Ever since Major League Baseball started its shortened season in July, the sport has been besieged by coronavirus flareups that have threatened to make it an extremely shortened season. But baseball has plowed ahead, and it appears that teams might be getting a little more ambitious with their plans for games as they explore filling the surreal empty stadiums with real live fans under the watchful eye of a mask-detecting camera system.
According to a Bloomberg report, numerous unidentified MLB teams have been in talks with Airspace Systems Inc. to deploy detection software in a camera system to recognize when fans aren’t wearing a mask in the stands. According to the report, the system could be designed to identify improperly worn masks as well.
Neither the MLB nor the Airspace Systems immediately responded to Gizmodo’s request for comment, but both organizations confirmed to Bloomberg that they are involved in discussions for such a system. And that’s about all they would say.
Airspace Systems started as a drone security system company a few years ago and Crunchbase puts its funding at $25 million. Bloomberg says the company’s funding is actually closer to $35 million and that Airspace has taken on several airports and the MLB as customers in recent months. Airspace founder Jaz Banga told the outlet that the company doesn’t “even know how to do” facial recognition tech and dismissed any concerns about privacy. But data is a tempting beast for a profit-driven company, so take any promises with a grain of salt.
Thus far, Airspace has promoted its systems for stadiums as a way to detect, identify, and classify drones that enter the nearby airspace. But clients reportedly started asking for the system to be converted for enforcing pandemic protocols. According to Bloomberg, Airspace’s technology wouldn’t do much more than identify “hot zones” for mask misuse.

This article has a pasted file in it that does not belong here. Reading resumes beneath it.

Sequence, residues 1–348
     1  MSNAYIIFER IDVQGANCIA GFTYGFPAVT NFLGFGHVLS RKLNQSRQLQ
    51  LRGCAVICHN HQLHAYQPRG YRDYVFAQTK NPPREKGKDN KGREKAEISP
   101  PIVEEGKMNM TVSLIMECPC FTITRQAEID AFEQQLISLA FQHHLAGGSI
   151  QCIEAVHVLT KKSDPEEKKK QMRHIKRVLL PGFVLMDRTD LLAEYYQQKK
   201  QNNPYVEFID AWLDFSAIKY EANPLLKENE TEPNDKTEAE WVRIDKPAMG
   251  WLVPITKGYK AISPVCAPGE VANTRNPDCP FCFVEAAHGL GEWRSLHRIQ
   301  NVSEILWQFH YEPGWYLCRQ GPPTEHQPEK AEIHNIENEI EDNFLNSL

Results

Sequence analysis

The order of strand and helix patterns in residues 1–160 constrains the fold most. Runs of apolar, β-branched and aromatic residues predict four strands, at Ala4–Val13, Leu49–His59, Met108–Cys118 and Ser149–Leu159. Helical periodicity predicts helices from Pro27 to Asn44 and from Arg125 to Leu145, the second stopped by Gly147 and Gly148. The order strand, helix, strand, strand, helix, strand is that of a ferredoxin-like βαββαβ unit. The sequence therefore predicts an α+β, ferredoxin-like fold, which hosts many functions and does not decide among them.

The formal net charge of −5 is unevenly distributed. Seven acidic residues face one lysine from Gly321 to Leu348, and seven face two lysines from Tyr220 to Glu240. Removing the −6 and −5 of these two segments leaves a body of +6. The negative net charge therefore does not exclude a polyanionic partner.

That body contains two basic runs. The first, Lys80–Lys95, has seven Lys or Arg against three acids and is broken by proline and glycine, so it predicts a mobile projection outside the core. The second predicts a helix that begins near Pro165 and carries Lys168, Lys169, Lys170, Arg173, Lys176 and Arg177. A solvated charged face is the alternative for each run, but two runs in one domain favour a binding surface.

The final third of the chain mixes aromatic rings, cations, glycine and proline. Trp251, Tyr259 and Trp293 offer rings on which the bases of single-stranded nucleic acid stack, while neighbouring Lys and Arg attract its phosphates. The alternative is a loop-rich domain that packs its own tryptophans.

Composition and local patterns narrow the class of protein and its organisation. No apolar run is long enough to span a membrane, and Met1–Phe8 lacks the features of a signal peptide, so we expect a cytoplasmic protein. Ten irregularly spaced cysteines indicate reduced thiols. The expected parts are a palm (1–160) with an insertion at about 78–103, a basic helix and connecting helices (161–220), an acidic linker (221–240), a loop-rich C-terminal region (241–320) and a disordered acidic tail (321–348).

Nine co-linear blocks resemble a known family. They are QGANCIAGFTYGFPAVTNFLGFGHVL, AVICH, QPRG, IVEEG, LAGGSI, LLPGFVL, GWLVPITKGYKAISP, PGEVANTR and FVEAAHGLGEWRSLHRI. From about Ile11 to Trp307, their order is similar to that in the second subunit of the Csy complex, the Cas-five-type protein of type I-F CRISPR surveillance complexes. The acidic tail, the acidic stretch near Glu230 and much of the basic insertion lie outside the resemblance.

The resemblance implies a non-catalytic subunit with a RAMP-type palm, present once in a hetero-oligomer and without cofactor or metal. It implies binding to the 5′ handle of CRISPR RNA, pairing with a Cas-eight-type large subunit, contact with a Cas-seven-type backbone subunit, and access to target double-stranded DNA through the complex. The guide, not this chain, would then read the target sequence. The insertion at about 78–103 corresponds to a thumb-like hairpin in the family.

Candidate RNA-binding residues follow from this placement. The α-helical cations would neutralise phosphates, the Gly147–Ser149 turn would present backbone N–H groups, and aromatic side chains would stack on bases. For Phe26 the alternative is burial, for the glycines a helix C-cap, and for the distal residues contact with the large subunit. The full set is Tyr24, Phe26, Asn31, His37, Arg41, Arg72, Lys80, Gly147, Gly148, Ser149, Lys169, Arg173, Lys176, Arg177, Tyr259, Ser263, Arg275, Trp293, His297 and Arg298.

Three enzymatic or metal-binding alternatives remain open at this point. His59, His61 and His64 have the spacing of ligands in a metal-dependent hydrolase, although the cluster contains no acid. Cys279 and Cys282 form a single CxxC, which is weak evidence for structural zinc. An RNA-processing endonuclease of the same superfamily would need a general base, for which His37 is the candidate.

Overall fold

It’s understandable why both parties wouldn’t want to say much more. The entire concept hits political faultlines on both sides of the U.S.’s polarized response to the covid-19 pandemic. The idea of bringing fans into the games when teams can’t even control the spread of the virus among their highly paid and pampered players will surely offend people who would like to slow the spread of the pandemic. And the idea of forcing fans in the stadium to wear masks will surely offend a bunch of idiots.
The fact is, the MLB may simply be taking the long view. Literally no one knows when the U.S. will be able to safely return to a more normal way of life. One of the best barometers we can use is how super-rich, well-resourced companies like Google and Apple are forecasting the future. At the moment, Apple doesn’t expect its employees to return until early 2021 and Google has set a tentative early return date of July 2021. It’s entirely possible that the MLB is just thinking about what next season might look like.
The idea of bringing fans back to the stadiums this year appears even more remote when you consider the fact that the forecast for the pandemic in the U.S. this fall is looking increasingly bleak. On Monday, Helen Branswell of STATnews published an excellent rundown of the hurdles the U.S. faces in the coming months as “indoor weather” and flu season arrive. The loss of safer outdoor spaces for people to gather and the potential of the healthcare system being overrun with patients is a tough pill to swallow. And unfortunately, we’ve taken full advantage of the benefits of summer leaving us in a situation that means the U.S. has utterly failed to contain the pandemic much less eradicate it as New Zealand did for just over 100 days. As of today, the Johns Hopkins covid tracker puts the U.S. at 5,098,452 cases, the highest case total in the world.
Look, the baseball players should probably just be skipping this season rather than traveling around spreading the plague. But the fan-less games have been pretty good so far, and I don’t really mind the oddball cutouts in the stands. Instead of setting up a political fight and inevitable physical fights among fans, just give us more of this giant baby: